Avatar: Frontiers of Pandora Review
Avatar: Frontiers of Pandora Review
Launching to almost no fanfare at all, Avatar: Frontiers of Pandora is the latest title from triple-A juggernaut Ubisoft. Following the recently launched Assassin’s Creed: Mirage, the company is looking to close the year strong with this open-world action-adventure title that’s reminiscent of a cross between the FarCry and Horizon series.
Players will take on the role of a member of the Sarentu clan, a well-respected clan among the Na’vi. After being taken in by the RDA (Resources Development Administration), you’ve been brought up and trained by humans for as long as you can remember. After being put in a cryo chamber during an attack, you wake up 15 years later to explore Pandora and save your land from RDA’s tightening grip, threatening to poison and ruin the Western Frontier, a different continent in Pandora that will play host to never-before-seen regions, each with their own Na’vi clans.
Players going in fresh need not worry, as you won’t need to have watched the movies (but seriously, why haven’t you, yet?) to understand the proceedings of Avatar: Frontiers of Pandora, but it would make the lore and references easier to understand. The game takes place around the same time as the 2022 Way of Water movie, so having seen the film gives a heightened appreciation of the world and the way it is presented, although it is not required.
For context, I played Avatar: Frontiers of Pandora on a PC with these specs while using a controller:
- Ryzen 5 5600x, 16 GB DDR4 3600 RAM, NVIDIA RTX 3050, 1TB NVMe SSD
- Asus 27″ 1440p Monitor and Legion 32″ Y32p-30 4K Monitor
Performance was mostly steady during my playthrough, and while I had to put some settings to low (shadows, light, etc), I mostly hit an average of 50-60fps on medium settings with DLSS on.
If you’ve seen the trailers before, you’ll know what to expect with Avatar: Frontiers of Pandora. If your initial reaction was “It’s FarCry but Avatar,” you’re not completely wrong. There are indeed a lot of similarities to FarCry, from crafting to liberating outposts and even the feel of its FPS gameplay, but it would be unfair to the game to reduce it to that simple comparison because Avatar: Frontiers of Pandora offers some changes that result in a somewhat fresh take on the formula.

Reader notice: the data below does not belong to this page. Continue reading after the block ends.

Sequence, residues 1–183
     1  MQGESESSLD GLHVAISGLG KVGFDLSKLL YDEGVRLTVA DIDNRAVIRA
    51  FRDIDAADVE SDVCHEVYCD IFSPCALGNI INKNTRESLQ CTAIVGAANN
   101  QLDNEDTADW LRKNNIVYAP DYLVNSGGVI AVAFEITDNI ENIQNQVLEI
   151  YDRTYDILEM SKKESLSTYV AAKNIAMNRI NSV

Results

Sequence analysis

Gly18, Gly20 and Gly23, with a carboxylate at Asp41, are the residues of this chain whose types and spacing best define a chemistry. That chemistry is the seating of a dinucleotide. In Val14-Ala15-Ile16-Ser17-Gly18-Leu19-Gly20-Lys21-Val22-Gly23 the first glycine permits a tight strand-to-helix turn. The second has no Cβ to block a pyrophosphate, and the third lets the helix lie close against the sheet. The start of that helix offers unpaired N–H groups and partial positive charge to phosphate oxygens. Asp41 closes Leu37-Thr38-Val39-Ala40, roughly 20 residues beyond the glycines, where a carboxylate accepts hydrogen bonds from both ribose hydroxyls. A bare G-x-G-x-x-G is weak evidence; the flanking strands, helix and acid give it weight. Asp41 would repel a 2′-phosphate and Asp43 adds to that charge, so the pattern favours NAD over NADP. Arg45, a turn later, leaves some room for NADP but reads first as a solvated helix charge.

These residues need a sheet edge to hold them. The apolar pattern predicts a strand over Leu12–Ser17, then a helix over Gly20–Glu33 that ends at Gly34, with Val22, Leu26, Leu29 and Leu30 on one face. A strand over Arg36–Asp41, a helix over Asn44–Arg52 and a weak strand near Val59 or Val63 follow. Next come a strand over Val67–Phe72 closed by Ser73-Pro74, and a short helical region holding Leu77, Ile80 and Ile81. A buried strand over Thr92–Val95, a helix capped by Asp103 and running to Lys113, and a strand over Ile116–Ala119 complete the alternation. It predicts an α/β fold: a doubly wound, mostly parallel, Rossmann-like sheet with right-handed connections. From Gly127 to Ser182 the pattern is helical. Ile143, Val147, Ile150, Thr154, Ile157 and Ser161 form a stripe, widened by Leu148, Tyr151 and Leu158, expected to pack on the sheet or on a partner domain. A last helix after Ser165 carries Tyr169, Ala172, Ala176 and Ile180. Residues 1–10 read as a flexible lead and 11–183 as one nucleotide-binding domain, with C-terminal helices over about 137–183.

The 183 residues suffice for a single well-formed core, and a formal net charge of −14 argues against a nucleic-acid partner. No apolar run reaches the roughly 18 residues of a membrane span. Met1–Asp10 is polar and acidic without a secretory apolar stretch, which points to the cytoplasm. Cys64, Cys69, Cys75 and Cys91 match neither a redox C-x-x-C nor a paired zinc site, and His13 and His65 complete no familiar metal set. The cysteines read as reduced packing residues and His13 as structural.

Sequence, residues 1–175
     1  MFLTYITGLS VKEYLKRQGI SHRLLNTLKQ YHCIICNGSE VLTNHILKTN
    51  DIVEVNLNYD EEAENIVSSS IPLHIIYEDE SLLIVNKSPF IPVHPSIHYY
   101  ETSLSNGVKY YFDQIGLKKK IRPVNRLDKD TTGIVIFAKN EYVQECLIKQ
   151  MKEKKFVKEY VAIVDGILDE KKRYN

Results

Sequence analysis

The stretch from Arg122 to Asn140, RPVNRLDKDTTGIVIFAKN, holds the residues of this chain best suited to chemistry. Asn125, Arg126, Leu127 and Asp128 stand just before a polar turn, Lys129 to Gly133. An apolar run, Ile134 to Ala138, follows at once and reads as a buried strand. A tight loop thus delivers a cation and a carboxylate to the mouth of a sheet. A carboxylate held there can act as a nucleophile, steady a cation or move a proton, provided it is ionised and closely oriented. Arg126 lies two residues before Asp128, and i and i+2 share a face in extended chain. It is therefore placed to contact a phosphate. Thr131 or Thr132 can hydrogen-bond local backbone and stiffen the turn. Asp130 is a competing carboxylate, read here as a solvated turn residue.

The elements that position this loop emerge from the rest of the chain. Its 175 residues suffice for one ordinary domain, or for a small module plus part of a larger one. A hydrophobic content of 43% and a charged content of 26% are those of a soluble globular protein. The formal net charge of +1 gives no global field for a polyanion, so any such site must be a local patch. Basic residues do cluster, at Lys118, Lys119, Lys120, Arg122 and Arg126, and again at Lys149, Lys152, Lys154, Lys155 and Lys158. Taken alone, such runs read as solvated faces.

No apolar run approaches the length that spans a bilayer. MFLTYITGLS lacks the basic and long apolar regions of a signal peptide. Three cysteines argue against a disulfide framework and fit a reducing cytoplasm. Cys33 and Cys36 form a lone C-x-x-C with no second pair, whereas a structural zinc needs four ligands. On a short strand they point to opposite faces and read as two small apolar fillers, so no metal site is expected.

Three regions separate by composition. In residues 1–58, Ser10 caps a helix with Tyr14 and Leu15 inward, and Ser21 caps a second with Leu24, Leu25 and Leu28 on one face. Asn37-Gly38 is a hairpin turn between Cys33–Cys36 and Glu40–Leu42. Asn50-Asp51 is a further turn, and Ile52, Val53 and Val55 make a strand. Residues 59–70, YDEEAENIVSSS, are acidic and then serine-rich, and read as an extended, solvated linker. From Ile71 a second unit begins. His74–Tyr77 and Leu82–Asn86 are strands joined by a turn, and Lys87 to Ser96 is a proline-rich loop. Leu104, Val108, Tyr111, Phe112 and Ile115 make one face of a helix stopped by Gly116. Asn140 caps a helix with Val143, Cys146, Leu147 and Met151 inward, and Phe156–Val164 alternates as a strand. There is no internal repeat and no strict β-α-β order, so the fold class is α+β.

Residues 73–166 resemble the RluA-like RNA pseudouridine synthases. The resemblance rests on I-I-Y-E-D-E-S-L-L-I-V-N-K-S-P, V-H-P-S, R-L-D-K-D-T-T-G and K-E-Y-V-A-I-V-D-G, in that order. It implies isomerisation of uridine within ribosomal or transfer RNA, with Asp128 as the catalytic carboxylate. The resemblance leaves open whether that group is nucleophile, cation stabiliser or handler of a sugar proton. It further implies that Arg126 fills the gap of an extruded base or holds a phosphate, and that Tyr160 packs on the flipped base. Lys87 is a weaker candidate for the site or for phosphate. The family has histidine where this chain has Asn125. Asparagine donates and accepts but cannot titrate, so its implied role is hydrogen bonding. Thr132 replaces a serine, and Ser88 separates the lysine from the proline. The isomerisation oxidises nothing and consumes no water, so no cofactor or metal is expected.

The first thing anyone will notice upon booting up the game is just how gorgeous everything looks. With the world playing host to a sea of lush forests, vibrant wildlife, and floating islands, Avatar: Frontiers of Pandora captures and translates this well. It’s one thing to fault Ubisoft for its game design decisions, but they’ve almost always delivered on the visual front, and this game is no different.
Players will be treated to towering trees with sprawling branches and tangly vines that extend to the ground, stunning vistas with impressive draw distances, and some trademark Avatar fauna such as the spiral plants that shrink when you pass by them. The world feels alive and lived in as it reacts to your every action and it affects even the way you move around the Western Frontier.
Traversal in the game is a huge part of why Avatar: Frontiers of Pandora deviates from FarCry and other similar games of its mold. The Na’vi are tall and limber beings that gracefully swing and move around with ease, and players will get a feel of this right as they pick up the controller. Your character will be able to sprint and jump as usual, but you are also equipped with a charged jump to reach higher and farther places.
The world of Avatar: Frontiers of Pandora lends itself well to this show of athleticism because scattered around are vines that lead to higher areas, flowers that spawn movement buffs, and many branching pathways that lead to new regions and encounters. This interplay between the world and the player makes it so that exploring is a fun endeavor.
On the other hand, while exploration is one of its strong points, it also serves as a dual-edged blade as it is also a pain point based on my experience. Pandora is such a dense place teeming with flora and fauna that it is quite hard to make out where you should be going. In other Ubisoft titles, there are visual guides in the form of ledges that jut out or are highlighted with paint, or even the sometimes excessive use of markers and waypoints, but Avatar: Frontiers of Pandora is almost devoid of these things.